Utilising more Australian indigenous ingredients in our cooking just makes sense when it comes to eating sustainably. That’s because such plants and animals are built to thrive in an Australian climate and offer a diversity of taste that our largely European diet doesn’t. The majority of foods – meat, grains, fruit and vegetables – that we eat today have been introduced to Australia, dating back as early as the arrival of the British first fleet.

If everyone made an effort to utilise more indigenous ingredients and support the indigenous foods industry we would not only be discovering some new and delicious flavours and building a food culture unique to Australia, we would also be playing a part in protecting Australia’s biodiversity and having a smaller impact on our land and environment.

Native species have survived in the wild for thousands of years, adapting to droughts and Australia’s harsh and changing environment. Native ingredients, such as native rice, do not need irrigation to grow, meaning less resources go into growing it and it does not rely on industrial agricultural practices. Commercially grown rice that we grow in Australia today is a semi-aquatic crop that requires flooding irrigation at all times.

John Newton, author and restaurant critic calls Australian native foods ‘the oldest foods on Earth’. He has explored the extensive list of native ingredients such as samphire, alpine rice, kakadu plum (which has more vitimin c than an orange), pepperberry, finger lime, quandongs, bush tomatoes and more. But apart from the more popular or well known native ingredients such as macadamias, lemon myrtle or perhaps warragul greens, ‘bush foods’ are still underutilised in our cooking. A mix of consumer demand, access to market and education on food preparation and flavour is needed to bring native food into the mainstream Here’s hoping!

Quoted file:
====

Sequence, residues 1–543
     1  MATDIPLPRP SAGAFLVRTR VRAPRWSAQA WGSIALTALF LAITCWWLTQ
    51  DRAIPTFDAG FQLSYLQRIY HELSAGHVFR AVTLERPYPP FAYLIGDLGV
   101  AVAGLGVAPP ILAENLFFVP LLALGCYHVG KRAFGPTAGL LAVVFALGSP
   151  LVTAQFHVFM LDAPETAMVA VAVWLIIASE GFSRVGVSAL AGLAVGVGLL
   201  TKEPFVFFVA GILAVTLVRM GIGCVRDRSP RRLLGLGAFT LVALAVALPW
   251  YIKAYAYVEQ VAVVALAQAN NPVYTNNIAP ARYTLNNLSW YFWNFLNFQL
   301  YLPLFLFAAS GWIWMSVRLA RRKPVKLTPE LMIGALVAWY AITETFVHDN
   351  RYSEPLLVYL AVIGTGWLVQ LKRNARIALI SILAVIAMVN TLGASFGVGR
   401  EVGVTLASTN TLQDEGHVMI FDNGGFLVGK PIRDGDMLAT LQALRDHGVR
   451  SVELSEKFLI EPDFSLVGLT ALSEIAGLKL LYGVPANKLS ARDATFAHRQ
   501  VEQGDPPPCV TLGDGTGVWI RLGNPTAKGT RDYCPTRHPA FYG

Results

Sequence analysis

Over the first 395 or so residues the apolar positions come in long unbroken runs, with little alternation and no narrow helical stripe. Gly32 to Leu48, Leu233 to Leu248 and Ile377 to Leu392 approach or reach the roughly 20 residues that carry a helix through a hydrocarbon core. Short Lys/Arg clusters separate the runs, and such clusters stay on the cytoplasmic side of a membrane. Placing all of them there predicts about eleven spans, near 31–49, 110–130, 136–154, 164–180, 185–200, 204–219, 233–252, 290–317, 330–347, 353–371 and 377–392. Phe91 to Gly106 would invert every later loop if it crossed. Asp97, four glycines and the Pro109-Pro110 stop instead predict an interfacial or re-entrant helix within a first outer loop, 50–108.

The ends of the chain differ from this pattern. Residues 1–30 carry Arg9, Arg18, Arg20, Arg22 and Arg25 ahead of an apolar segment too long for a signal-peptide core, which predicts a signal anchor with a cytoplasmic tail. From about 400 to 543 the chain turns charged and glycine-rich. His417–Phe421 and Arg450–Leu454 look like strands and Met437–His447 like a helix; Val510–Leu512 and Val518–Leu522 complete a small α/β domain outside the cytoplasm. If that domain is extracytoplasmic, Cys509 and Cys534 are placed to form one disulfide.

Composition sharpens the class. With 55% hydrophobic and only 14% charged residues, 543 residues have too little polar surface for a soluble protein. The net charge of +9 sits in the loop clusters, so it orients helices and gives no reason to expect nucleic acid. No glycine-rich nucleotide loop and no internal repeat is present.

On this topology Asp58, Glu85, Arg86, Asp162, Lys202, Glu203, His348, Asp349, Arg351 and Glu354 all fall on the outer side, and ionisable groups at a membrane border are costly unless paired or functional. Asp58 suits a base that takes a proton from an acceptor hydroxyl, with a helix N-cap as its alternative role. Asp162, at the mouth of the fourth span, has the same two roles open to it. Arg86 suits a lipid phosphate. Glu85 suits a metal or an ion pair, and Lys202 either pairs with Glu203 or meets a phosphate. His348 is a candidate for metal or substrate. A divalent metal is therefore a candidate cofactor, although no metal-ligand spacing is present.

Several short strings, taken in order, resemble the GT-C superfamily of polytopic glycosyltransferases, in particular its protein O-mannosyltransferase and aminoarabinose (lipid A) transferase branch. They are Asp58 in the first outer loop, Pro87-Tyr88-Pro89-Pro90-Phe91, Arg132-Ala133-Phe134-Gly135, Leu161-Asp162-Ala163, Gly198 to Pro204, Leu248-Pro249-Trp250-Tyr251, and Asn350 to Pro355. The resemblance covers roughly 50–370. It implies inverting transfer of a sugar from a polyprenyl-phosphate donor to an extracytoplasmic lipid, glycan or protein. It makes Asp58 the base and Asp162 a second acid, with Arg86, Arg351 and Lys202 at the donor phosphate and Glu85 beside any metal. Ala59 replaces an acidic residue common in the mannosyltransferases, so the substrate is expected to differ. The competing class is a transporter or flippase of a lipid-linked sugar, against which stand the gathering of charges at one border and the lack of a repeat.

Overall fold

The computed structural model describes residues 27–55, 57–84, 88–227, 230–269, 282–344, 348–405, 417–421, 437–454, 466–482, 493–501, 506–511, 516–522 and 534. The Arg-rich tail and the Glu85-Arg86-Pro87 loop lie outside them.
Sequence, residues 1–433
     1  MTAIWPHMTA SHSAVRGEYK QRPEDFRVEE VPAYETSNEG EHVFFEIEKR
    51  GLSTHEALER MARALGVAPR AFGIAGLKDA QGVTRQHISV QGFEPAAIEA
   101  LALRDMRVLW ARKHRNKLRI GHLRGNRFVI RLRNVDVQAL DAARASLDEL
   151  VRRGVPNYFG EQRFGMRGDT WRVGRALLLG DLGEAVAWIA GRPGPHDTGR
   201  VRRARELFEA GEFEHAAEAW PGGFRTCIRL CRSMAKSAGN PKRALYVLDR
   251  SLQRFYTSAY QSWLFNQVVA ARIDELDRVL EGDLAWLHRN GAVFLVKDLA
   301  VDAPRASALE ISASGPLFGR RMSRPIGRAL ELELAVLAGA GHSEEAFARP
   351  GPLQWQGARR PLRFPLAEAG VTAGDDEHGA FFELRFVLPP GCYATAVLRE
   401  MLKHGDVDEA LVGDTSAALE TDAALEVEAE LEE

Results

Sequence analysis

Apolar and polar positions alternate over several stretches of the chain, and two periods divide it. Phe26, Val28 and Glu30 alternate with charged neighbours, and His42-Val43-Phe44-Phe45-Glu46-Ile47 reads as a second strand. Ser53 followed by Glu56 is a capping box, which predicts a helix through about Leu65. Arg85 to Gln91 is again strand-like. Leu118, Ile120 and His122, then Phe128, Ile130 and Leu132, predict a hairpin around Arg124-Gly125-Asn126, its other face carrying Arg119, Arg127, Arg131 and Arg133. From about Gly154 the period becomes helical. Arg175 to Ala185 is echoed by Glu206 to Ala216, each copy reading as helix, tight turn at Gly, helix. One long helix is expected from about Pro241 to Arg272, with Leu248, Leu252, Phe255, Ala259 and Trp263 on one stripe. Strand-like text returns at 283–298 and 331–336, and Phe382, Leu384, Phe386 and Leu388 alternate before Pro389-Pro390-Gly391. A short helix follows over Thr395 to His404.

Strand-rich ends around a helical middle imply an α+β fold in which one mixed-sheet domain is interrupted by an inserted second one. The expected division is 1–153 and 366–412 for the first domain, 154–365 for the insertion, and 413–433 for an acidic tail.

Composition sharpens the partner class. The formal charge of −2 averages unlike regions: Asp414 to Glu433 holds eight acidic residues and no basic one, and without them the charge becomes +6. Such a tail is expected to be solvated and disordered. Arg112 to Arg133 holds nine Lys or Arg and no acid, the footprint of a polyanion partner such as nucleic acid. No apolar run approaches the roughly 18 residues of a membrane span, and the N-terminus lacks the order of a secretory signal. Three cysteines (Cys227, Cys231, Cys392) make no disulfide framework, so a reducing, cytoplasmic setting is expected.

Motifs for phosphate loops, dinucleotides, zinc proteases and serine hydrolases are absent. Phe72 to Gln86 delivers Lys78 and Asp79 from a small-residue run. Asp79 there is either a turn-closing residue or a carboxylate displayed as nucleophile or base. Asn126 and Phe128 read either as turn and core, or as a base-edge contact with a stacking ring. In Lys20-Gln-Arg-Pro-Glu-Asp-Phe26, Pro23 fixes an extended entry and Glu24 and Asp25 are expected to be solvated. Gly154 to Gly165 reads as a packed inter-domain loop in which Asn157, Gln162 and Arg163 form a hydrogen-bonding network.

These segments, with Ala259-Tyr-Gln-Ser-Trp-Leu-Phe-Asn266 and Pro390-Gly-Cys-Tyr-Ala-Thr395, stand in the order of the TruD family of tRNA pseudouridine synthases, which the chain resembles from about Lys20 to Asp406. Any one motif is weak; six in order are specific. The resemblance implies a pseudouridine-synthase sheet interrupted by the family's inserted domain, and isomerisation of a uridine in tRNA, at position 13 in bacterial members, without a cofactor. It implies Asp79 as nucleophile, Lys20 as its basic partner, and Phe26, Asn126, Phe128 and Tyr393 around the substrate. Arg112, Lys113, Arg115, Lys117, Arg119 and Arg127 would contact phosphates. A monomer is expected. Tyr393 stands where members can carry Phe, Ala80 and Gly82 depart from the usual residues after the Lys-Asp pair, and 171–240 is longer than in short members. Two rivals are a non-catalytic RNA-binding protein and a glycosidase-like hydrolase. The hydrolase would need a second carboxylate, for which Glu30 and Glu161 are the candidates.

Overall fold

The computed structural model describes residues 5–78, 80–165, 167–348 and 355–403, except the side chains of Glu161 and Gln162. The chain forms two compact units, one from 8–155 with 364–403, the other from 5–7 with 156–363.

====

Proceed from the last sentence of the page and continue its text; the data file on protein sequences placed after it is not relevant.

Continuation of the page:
if you’re going to eat meat as a treat, choosing kangaroo has a lower environmental impact than other forms of red meat, and is considered a lean cut of which is better for your health. When sourcing your meat, choose as ethical butcher or supplier. When considering kangaroo use a supplier who only harvests male animals and that follows the commercial code.

Here are a few suppliers we have come across, but also be sure to check out our Ethical Meat Suppliers Directory:

  • Paroo Kangaroo – have a policy to only harvest male kangaroos. Also source sustainable and ethical meat.
  • Cannings Free Range Butcher – only stocks kangaroo meat from Macro Meats
  • Gourmet Game – Macro Meats was established in 1987 by founder Ray Borda who has been somewhat of a pioneer in shaping consumer preference for kangaroo meat
  • Yarra Valley Game Meats – servicing Melbourne, Victoria and Tasmania
  • Something Wild can be found at Adelaide Central Market and also have an online shop.
  • Bushfoods – some indigenous ingredients to add to your pantry.